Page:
The initial appraisal from the Canadian Housing and Mortgage Corporation (CMHC) was $90,000 below the sale price, and Scotiabank said it could not finance it. The administrator intervened once again and arranged for a third party to revalue the property.
The second appraisal came in at $20,000 less than the price of the house, a value that Scotiabank said was “workable.”
However, with such a significant discrepancy between the valuations, CMHC was left in the middle, with the Fitzgeralds on the hook for the remaining $70,000.
When all was said and done, the couple was left with less than $10,000 from the sale of their home, which isn’t enough for farm equipment, new furniture, or even moving.
“We had a gun to our heads at the time. We had already made arrangements to move there with two children and nine animals,” the Fitzgeralds said. “We didn’t have a backup plan. It was this place or no place, even though it was going to finish us off financially.”
The couple have questioned how the process was allowed to go so far without a more experienced or senior staff member noticing the problem and intervening.
The assistant branch manager apologized for his plight and blamed the advisor’s mistake on lack of experience. According to the couple, the manager thanked them “for the opportunity to work on their knowledge gaps” and offered them a year of free banking.
“They destroyed our life for a learning opportunity. We should be happy. We have the property of our dreams. But we’ve been crying the whole time we’ve been living here. If we had known this was going to happen, we would have left,” they said. “This has been hell.”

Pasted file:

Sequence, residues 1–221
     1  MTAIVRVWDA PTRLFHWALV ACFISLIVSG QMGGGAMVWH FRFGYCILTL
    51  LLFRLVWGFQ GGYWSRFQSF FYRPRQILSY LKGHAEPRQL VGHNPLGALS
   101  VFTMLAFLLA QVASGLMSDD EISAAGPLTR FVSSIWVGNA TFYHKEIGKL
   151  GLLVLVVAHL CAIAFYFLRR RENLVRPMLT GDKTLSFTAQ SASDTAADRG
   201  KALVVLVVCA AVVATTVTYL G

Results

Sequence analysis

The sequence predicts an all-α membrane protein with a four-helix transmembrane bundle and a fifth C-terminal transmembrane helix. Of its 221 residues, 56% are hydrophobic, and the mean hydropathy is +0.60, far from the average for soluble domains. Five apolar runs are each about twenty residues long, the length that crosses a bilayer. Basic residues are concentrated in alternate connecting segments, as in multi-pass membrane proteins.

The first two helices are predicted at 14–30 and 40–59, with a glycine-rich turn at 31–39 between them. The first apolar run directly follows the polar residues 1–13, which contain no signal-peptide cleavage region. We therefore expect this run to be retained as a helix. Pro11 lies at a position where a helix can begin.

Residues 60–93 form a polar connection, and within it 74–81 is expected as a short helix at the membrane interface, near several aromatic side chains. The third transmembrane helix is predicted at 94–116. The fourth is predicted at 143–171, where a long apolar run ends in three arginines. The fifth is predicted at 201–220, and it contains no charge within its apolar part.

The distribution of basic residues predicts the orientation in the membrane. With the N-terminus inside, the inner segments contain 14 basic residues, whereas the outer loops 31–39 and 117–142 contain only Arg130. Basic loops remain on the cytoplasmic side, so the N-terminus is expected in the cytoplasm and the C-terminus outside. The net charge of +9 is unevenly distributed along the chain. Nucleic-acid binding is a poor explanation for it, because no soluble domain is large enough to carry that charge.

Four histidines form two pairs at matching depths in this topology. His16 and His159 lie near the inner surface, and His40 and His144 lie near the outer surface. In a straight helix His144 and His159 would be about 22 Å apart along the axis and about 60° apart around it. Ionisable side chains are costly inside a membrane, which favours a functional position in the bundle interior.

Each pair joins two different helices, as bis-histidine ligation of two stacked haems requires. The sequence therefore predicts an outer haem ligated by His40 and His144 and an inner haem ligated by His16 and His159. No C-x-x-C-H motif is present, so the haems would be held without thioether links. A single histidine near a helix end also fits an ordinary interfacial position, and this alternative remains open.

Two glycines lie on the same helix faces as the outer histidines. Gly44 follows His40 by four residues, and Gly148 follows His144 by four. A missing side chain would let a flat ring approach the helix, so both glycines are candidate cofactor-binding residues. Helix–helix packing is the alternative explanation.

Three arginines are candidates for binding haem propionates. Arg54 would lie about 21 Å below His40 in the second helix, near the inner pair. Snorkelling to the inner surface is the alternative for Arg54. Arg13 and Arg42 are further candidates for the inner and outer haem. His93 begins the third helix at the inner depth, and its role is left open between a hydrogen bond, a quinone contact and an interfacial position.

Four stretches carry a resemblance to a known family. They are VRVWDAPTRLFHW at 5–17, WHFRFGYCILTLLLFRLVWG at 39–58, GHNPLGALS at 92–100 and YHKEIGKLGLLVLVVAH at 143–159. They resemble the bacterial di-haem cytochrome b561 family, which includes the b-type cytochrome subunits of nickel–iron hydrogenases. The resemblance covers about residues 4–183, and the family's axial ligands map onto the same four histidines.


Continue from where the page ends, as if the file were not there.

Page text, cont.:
“[The advisor] He kept telling us how easy it was and we took it at that. He is supposed to be the expert. Why wouldn’t we trust him? This is not a small bank, this is scotiabank. There is power behind that name. You should be able to trust him.
Daily Hive’s attempts to contact the financial adviser and deputy branch manager went unanswered. Interview requests were redirected to a communications spokesman, who said the bank “cannot comment on individual customer situations for privacy reasons.”
“Our advisors strive to provide the right advice and solutions to meet people’s unique needs, and in this case, we continue to work directly with the client,” the Scotiabank spokesperson said in a statement provided to Daily Hive.
“We encourage customers to carefully review the recommendations and agreements provided, and our teams are committed to answering any questions you may have about your options.”
However, according to the Fitzgeralds, they “haven’t gotten anywhere” with Scotiabank. The bank was unable to approve a loan for the couple, although they said they could within a few months. Meanwhile, the couple sleeps on a mattress on the floor and their dining table consists of a butcher block on top of a kennel.
In “an ideal world,” they said, Scotiabank would compensate them for the money they lost by lowering the sale price of their home or providing a loan for furniture and farm equipment.
“Financially, they could fix the situation a little bit,” the Fitzgeralds said. “But emotionally? This has been traumatic. They really can’t fix that.”